Brandon, Suffolk, UK.
When you travel through the town today you may not appreciate it has history. A rich history in fact. Hundreds of years ago it was a crossing point of the Little Ouse, from the fens into East Anglia. The High Street was adorned with inns and hotels for the weary traveller, and there is still evidence of this today. Then in the 1840s the railway came to the town. In fact the powers that be deemed Brandon was was more vital for receiving a branch line than neighbouring Thetford, although both towns did get one.
So, naturally when war came to the nation, Brandon with its railway, roads and river crossing were of strategic importance. This was recognised by the military in WW2 when it was classed as a “defended town”, and would be fought for tooth and nail should the Nazis invade. Even Mildenhall did not get this classification. Few people know Brandon was at the centre of a guerilla team who would unearth themselves and attack the occupying enemy.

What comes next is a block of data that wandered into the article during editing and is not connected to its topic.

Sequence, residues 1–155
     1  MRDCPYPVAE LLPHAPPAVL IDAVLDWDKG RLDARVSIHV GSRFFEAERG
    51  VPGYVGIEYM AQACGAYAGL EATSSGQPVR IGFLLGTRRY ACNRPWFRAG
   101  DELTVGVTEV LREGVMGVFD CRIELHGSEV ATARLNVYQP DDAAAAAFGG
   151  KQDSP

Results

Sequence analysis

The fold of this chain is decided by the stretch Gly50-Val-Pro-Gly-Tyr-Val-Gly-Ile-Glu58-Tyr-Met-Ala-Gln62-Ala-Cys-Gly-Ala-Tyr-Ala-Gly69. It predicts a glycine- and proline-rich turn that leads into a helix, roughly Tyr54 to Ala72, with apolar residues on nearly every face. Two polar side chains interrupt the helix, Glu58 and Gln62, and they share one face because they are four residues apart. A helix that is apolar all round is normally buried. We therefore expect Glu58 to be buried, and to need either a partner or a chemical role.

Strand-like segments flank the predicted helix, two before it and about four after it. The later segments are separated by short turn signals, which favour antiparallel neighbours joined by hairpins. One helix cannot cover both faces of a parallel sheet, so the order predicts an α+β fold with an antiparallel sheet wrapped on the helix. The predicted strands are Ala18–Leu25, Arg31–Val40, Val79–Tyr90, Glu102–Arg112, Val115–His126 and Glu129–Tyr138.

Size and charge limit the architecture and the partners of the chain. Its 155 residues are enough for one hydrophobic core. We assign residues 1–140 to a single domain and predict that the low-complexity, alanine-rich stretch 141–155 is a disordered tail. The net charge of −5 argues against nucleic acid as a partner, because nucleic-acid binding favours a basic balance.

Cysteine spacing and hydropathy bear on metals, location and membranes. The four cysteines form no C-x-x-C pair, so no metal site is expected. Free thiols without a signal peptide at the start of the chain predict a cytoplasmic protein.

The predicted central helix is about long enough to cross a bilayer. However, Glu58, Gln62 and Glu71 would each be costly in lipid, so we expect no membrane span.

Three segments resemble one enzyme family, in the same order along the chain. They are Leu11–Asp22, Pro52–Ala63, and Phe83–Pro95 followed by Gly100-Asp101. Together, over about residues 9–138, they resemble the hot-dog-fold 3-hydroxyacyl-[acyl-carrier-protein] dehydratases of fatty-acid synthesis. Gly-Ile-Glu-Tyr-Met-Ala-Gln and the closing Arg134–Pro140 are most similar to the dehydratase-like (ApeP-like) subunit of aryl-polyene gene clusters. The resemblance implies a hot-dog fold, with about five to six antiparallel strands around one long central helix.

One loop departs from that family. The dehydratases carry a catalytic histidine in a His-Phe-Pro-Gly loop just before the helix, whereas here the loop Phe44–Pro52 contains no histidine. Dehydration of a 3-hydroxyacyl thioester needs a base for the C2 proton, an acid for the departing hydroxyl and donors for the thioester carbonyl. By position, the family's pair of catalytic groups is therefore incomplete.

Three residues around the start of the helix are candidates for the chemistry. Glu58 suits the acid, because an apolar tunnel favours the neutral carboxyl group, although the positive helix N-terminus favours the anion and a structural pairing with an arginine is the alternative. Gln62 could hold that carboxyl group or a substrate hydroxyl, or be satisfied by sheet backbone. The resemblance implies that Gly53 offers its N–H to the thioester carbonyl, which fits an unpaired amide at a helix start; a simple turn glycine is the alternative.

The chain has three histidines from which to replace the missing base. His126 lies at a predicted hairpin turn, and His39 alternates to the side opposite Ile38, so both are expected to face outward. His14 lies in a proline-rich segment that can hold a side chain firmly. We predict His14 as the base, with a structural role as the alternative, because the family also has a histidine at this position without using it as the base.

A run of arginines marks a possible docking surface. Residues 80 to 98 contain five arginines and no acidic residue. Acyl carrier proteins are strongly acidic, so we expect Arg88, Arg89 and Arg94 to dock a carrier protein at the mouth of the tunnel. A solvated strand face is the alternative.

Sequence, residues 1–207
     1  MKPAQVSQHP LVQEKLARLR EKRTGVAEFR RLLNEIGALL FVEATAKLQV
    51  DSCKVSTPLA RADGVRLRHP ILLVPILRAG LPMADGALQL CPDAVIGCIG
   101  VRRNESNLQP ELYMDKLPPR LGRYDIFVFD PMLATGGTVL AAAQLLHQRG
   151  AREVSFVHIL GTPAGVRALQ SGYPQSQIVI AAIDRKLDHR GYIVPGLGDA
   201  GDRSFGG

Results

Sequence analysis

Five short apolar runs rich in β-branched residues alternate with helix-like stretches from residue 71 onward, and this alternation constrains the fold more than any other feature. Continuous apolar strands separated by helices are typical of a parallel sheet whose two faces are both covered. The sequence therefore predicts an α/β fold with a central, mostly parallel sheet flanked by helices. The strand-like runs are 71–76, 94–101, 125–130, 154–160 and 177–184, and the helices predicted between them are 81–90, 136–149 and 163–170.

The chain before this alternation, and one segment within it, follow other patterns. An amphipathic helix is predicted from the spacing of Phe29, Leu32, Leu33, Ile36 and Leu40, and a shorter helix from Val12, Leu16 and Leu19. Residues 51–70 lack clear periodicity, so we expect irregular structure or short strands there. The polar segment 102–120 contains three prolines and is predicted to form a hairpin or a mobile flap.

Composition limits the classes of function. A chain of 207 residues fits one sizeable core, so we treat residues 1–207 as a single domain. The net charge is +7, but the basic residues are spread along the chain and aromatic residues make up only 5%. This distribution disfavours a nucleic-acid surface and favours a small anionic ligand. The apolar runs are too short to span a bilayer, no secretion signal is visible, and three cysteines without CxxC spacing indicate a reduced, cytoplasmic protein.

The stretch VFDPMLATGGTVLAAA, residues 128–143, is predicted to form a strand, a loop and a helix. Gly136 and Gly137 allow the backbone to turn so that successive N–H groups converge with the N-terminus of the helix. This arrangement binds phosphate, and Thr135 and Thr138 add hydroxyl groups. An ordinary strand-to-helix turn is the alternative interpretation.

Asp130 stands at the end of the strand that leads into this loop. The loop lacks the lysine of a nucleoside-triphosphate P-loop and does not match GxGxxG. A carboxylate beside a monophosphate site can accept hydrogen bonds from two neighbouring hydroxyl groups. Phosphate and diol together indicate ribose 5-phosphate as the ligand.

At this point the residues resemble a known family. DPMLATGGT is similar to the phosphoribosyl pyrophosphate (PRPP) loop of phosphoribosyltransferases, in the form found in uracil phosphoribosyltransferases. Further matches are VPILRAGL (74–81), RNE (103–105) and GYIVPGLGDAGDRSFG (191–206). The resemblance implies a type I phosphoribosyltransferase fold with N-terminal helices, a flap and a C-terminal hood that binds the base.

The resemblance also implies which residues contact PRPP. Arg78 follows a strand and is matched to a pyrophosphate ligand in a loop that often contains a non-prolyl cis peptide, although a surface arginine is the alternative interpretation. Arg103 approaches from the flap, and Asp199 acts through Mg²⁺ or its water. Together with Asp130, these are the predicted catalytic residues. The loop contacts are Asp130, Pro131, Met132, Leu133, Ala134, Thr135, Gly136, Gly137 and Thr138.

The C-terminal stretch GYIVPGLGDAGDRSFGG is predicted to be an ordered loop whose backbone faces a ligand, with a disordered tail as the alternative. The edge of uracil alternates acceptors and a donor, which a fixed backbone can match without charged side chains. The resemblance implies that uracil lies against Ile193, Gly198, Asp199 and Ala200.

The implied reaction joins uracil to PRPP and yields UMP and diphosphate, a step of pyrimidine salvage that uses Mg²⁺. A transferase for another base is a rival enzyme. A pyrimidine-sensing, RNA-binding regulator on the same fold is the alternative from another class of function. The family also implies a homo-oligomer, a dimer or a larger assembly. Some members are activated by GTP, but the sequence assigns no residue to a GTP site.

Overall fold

But then, possibly of more interest, are the events and recollections of those who lived through the town during those times. In both world wars Brandon was overflowing with servicemen stationed in and around the town. It was also an exciting time for the school children who would cycle to aircraft crashes to look for perspex, although it was scary at time, especially when the school was machine gunned by a German bomber during one lunch time.
Please click on the links at the top of this page for more details of life in the world wars. You will also see a link to the ‘store’ where you can purchase to keep as a permanent reference of some of my research. You may also be interested in a Facebook page, where memories of Brandon are shared between the many members.
‘Brandon at War’ is my hobby. I hope you enjoy it.
– Darren Norton